The author is a guitarist and bassist with over 35 years of experience as a musician.
Ibanez RG and S Series Guitars
No doubt you already know that Ibanez makes some of the best electric guitars in the world. Especially if you are into metal and heavy rock, there are few guitar brands that will get the job done for you like Ibanez.
Shredders love Ibanez guitars for their fast, flat necks. Extreme metal guitarists know Ibanez makes some of the best seven and eight-string guitars in the business. Ibanez Iron Label guitars have raised the bar even further when it comes to the ultimate tool for metal. No matter where your metal allegiance lies, there is an Ibanez for you.
There are a bunch of amazing guitars in the Ibanez lineup, but most metalheads look to either the RG Series or the S Series. At first glance, they look similar, but there are some key differences that sway guitarists to one or the other.
In this article we'll take a look at the Ibanez RG Series versus the S Series and the differences between them, so you can make the right decision when it comes to your gear.
Ibanez Hardware and Electronics
There used to be a lot wider gap between RG and S-Series guitars, but in more recent years Ibanez has been using many of the same components on both.
Let's start with the hardware and electronics. Ibanez has some world-class components made in-house that you'll find on both the RG and S-Series guitars. Here's a quick glance and what you can expect from an Ibanez instrument.
Ibanez's necks are some of the best in the guitar world, and that hasn't changed for decades. Their multi-piece Wizard design appears on both the RG and S Series.
In its most basic form, it incorporates only maple as a tonewood, which is more than good enough when it comes to shred guitars.
However, when you look at some of the more expensive guitars in the Ibanez lineup you'll see advanced versions of the Wizard, such as the Super Wizard HP 5-piece maple/walnut neck and the Wizard 7 with a maple/wenge tonewood compliment.
Where many guitar builders reach out to external hardware producers for their tremolo systems, Ibanez has managed to build one of the top bridges in the business, namely the Edge-Zero. Like the Wizard neck, you'll see more advanced versions on more expensive guitars, but the Edge-Zero appears on both the RG and the S.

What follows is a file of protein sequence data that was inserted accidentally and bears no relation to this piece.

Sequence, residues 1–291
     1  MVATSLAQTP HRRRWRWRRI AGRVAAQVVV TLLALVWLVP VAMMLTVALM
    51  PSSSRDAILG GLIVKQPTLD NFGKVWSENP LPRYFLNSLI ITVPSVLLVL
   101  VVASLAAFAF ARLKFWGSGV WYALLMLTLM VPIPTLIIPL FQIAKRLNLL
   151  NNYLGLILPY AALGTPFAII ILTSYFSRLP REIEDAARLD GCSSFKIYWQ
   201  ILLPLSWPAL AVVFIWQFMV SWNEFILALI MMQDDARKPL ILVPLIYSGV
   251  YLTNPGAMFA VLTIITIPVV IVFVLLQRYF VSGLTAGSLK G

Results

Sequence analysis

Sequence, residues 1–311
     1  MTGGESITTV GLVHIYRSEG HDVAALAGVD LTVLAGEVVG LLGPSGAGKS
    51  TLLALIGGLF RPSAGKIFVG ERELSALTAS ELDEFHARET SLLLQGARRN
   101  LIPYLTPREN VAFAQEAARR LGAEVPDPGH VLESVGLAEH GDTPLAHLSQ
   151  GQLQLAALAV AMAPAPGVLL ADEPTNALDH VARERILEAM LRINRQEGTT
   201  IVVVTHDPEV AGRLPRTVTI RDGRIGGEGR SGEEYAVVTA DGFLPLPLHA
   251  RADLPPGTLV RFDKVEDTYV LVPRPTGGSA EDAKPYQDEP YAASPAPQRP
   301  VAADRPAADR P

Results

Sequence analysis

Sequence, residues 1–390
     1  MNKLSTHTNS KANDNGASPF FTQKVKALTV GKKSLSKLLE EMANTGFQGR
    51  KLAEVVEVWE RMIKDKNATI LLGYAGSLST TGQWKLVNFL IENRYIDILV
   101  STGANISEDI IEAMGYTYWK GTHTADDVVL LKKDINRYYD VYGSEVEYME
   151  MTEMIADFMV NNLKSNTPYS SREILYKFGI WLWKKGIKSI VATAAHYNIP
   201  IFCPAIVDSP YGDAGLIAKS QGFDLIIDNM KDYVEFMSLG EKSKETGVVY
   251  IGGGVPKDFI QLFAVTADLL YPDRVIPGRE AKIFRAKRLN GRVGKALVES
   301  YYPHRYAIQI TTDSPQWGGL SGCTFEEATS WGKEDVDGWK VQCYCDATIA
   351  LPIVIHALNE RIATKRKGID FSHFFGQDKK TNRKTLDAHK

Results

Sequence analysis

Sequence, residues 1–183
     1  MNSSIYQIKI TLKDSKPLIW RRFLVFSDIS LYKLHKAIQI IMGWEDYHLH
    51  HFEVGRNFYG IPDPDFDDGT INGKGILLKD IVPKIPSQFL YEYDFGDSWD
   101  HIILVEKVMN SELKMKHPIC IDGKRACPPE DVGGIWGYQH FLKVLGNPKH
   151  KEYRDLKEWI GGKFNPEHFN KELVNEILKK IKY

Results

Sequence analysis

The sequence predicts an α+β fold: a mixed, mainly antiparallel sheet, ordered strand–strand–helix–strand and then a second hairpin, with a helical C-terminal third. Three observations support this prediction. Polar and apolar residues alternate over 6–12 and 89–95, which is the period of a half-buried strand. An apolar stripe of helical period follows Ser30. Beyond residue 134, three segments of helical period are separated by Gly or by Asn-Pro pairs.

You'll also see similar pickups on both the RG and S Series. The typical pickup configuration is a pair of humbuckers with a single-coil in the middle, though there are versions of both guitars with only a pair of humbuckers.
Ibanez has its own pickups which are very good, but you'll also see DiMarzio and DiMarzio-designed pickups.
Body Style and Tonewoods
As you can see, there are a lot of similarities between the Ibanez RG and S Series, but once we get to tonewoods and body style everything changes. This is where you'll have to take a hard look and decide which guitar is better for you, and it helps to have an understanding of tonewoods.
Read More From Spinditty
Basswood is the tonewood used in Ibanez RG guitars, where S-Series instruments employ mahogany. So what's the difference?
Basswood has a deep, dark tone with a nice amount of woodiness and resonance.
Mahogany is a richer-sounding tonewood than basswood, with similar characters but even better depth and much better articulation.
Body style matters, too. Standard 6-string models of both the RG and S are 25.5-inch scale, and their top-view measurements are similar. However, the S-Series is a much thinner, sleeker guitar with a slightly arched top.
It's a balancing act, and what the S gives up in total wood mass it makes up for with increased resonance via the mahogany. Both guitars sound amazing, and it is a personal preference: The RG is a bit edgier, the S sings a little sweeter.
Most RG and S guitars feature rosewood fingerboards, though there are some models that use ebony, and there are versions of the RG with maple fretboards.
It's also worth noting that both the RG and the S feature models with different tonewood tops that will further color the sound, most often bringing out a bit more pop and high-end.
RG vs. S Sound Differences